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The Story Behind Bestselling Northumberland Crime Author LJ Ross' Success

LJ Ross Images © Donna-Lisa Healy
May 2023
Reading time 5 Minutes

We caught up with Louise to talk about the story behind her success

Louise Ross, aka international bestselling author LJ Ross, has made a killing from her crime fiction books based in the North East, but alongside her writing she's also given back to the region with a variety of philanthropic initiatives and prizes.

Over the past nine years Louise Ross has written 26 books (all of which have been number one bestsellers), sold more than eight million copies worldwide, started her own publishing company (Dark Skies Publishing), and launched three philanthropic prizes in the North East. You may think that with that kind of success comes an equal number of failures but luckily for Louise, swapping her career in law for a life of crime (writing) has actually been reasonably smooth sailing – all whilst steering clear of the traditional route of agents and publishers.

A young woman found dead amongst the ancient ruins of Lindisfarne Priory. A killer blows up the Tyne Bridge and won’t stop until every bridge is burned, along with everybody on it. A priceless artefact that once belonged to Saint Cuthbert goes missing from Durham Cathedral. These are just some of the criminal plots in Louise’s novels, demonstrating that while most visitors to the North East see picturesque landscapes to be enjoyed, Louise spots an opportunity for crime.

‘My inspiration comes from people and places – the settings of the North East. I always think, gosh this is a beautiful part of the world, we need to try to kill someone here,’ jokes Louise. ‘I have a little book of ideas and the first thing I’m inspired by is the landscape. In terms of the North East we have a bit of everything here. We’re so fortunate as a region to have access to beaches, hills, and lakes, every kind of beautiful landscape is on the doorstep. Plus history is at your fingertips in this part of the world so for a storyteller like myself there’s just boundless inspiration.

‘And then the people. The characters, especially the North Eastern characters, will be the people that I grew up with, the people I’ve known. For example, Phillips is based heavily on my late grandfather who I absolutely adored. It’s always a joy to write his scenes and the dialogue because I have the memory of his voice in the back of my head and I can remember some of his phrases. So the inspiration is definitely people and places.’

Louise’s main series of novels centres around DCI Ryan cracking cases across the North East, with each book set at a different landmark across the region. But publishing multiple books a year, how does Louise keep coming up with new and fresh ideas? It seems it’s really not something she struggles with. ‘It’s so funny because the process of writing a book really wrings you out, but then after about a week or so the ideas start flowing again. I think it’s just a natural process for me,’ she says. ‘I also keep it varied. So I have three different series, which will be rising to four or five different strands probably by the end of this year, and I think writing about different characters occasionally can be a nice palate cleanser.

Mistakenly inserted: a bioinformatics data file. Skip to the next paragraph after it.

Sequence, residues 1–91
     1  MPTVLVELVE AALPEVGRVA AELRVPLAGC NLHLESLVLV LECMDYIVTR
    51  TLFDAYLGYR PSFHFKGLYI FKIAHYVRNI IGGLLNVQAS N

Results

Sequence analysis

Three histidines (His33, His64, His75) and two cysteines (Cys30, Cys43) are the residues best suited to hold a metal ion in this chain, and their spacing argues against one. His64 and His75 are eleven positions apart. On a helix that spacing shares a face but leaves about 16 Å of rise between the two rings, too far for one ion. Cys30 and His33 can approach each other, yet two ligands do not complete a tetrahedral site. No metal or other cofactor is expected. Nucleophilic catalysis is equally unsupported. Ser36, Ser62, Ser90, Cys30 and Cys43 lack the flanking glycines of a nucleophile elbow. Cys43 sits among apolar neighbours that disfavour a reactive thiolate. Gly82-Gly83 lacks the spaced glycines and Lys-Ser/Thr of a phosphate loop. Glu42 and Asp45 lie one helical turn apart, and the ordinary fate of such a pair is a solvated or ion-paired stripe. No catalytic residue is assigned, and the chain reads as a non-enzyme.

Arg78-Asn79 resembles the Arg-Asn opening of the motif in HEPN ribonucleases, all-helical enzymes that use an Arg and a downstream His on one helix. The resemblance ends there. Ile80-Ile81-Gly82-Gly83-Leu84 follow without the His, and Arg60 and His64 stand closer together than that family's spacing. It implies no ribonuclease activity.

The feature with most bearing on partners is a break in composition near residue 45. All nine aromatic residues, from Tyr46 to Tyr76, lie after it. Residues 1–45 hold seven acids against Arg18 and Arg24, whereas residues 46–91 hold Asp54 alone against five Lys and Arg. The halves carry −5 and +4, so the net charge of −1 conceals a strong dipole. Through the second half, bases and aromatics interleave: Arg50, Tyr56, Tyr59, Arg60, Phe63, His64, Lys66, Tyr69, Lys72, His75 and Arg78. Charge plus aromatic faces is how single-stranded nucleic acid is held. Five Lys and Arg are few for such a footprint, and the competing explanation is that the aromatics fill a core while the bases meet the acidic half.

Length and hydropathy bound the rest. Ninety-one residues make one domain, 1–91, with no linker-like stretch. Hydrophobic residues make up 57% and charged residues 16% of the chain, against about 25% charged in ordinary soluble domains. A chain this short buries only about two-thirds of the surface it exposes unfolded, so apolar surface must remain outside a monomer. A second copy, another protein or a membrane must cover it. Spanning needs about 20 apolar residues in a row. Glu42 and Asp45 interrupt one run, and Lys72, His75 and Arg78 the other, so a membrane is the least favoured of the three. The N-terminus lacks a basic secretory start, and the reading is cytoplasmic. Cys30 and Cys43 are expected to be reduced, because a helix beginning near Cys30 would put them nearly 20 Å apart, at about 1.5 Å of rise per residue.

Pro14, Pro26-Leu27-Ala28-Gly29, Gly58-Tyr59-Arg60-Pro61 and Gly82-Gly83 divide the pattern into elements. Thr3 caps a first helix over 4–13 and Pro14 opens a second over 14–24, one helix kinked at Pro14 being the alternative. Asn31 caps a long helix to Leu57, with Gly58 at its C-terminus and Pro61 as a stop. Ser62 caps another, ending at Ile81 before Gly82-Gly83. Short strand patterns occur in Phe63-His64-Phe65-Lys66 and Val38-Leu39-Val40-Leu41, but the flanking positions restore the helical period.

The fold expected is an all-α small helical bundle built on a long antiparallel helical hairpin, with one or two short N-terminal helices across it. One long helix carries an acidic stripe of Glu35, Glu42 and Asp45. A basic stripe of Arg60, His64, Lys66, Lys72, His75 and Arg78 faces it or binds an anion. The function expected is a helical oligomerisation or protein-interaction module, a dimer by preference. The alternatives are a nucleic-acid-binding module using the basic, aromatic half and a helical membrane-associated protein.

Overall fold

‘The Dr Gregory series for example is on more of the psychological thriller end of the spectrum and the lead character, whilst also being male, is very different to Ryan. I also do the Summer Suspense series which is based in Cornwall and they are definitely more on the romantic suspense side, so they’re lighter than the Ryan books. It’s also writing about a different area and different characters again. So it’s just nice taking those little creative breaks between the series so that when you return to whichever series you’re coming back to it feels like you’re meeting old friends again.’

Louise doesn’t read much peer-written crime fiction so that her writing voice isn’t affected. ‘This way I keep my own style really true to me. But what I do love is Golden Age crime fiction. I love hard-boiled American crime fiction and always have, so I think there was naturally going to be an affinity with that sort of stuff. The beauty of the Holy Island book was to just try and see where I went with it. It was a very free-flowing writing process and while I started out thinking, let’s just keep it a nice sort of cosy mystery style, it ended up getting quite grippy in parts without necessarily being planned that way. I think it’s got a lot of light and dark and I would say it just naturally fell into a rhythm.’